Former secretary of finance in the THA Joel Jack says Tobago now needs to put its development trajectory back on a sound footing.
Jack was speaking in light of of the island's $2.585 billion allocation in the 2024 national budget. On Monday, Finance Minister Colm Imbert presented the budget in Parliament.
For Tobago, Imbert said $2.298 million has been allocated for recurrent expenditure, $260 million for the development programme and $18 million for the Unemployment Relief Programme.
He said the allocation was $64.2 million more than last year's. In June, the Tobago House of Assembly (THA) requested $4.54 billion.
Speaking on the Minority Report on Tobago Updates Television on Tuesday, Jack said what is happening in Tobago is troubling.
“When you compare what is happening nationally to what is happening in Tobago, I think we all have a reason to be concerned and very much so.”
He said he sat in the Parliament during the presentation, and he questioned whether Tobagonians understood where the country was going and what was happening in Tobago.
“If they compare objectively the stewardship and governance of this island under the People’s National Movement to what is happening now and what Tobago is missing out on, I dare say it is time to get the island back on track, as we have really lost our developmental momentum. Our development trajectory has been impeded and we are off course.”
He said when this year's allocation was compared to the previous budgets under PNM administrations in Tobago, one had to be concerned as a Tobagonian, not just in the context of the allocation, but in the context of governance and the island’s development.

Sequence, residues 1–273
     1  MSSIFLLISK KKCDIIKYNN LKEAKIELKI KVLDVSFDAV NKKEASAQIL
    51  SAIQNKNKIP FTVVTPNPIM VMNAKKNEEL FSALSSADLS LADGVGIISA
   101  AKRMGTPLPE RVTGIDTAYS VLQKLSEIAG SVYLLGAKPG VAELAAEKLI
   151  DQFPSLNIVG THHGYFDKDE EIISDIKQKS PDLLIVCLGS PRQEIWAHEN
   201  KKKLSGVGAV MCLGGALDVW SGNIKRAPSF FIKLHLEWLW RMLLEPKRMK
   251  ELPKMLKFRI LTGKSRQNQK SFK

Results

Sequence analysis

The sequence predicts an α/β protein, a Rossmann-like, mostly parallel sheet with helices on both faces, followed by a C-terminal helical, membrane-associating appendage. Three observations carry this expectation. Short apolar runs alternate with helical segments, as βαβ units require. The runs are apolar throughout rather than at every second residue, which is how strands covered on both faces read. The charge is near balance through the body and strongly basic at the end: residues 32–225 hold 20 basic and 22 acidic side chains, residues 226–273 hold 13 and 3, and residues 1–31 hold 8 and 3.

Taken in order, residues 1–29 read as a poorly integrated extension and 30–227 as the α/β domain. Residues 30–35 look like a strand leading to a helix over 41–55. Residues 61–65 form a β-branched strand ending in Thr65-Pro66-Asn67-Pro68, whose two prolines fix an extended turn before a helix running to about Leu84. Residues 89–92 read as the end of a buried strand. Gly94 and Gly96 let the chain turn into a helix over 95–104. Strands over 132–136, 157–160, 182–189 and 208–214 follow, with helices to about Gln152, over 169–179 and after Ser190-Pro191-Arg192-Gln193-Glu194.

“I sat there as a citizen of TT, as a Tobagonian and as a proud PNM, really heartened by what the government has done undertaking since 2015 – a fiscal conservative and a prudent fiscal stance to manage the economy of TT since 2015. Sometimes persons forget the history and quite conveniently so. I always believe in the saying: 'If you forget your history, you’re doomed to repeat the mistakes of the past.'”
He said he was troubled that the current Secretary of Finance had laid no no financial reports in the assembly. Such reports would have then been open to public scrutiny.
“I let it slip in the first budget. You had the budget in June, you had your November statement, you did nothing. You came back with a second budget and there is no clear accountability of what you received in the past – expenditure, unspent balance.”
He said the national budget was a strategic intent of the administration to report to the nation in terms of the road map coming out of the PNM's Vision 2030 as to where it would take Trinidad and Tobago and how it would develop the country.
“If you look in that document, it will point to the role of Tobago. Tobago has a unique place in that economic development and we are not playing our part. And as a Tobagonian, I am concerned. We have to get this island back on its development trajectory and back on this sort of framework where you are guided by a policy document.”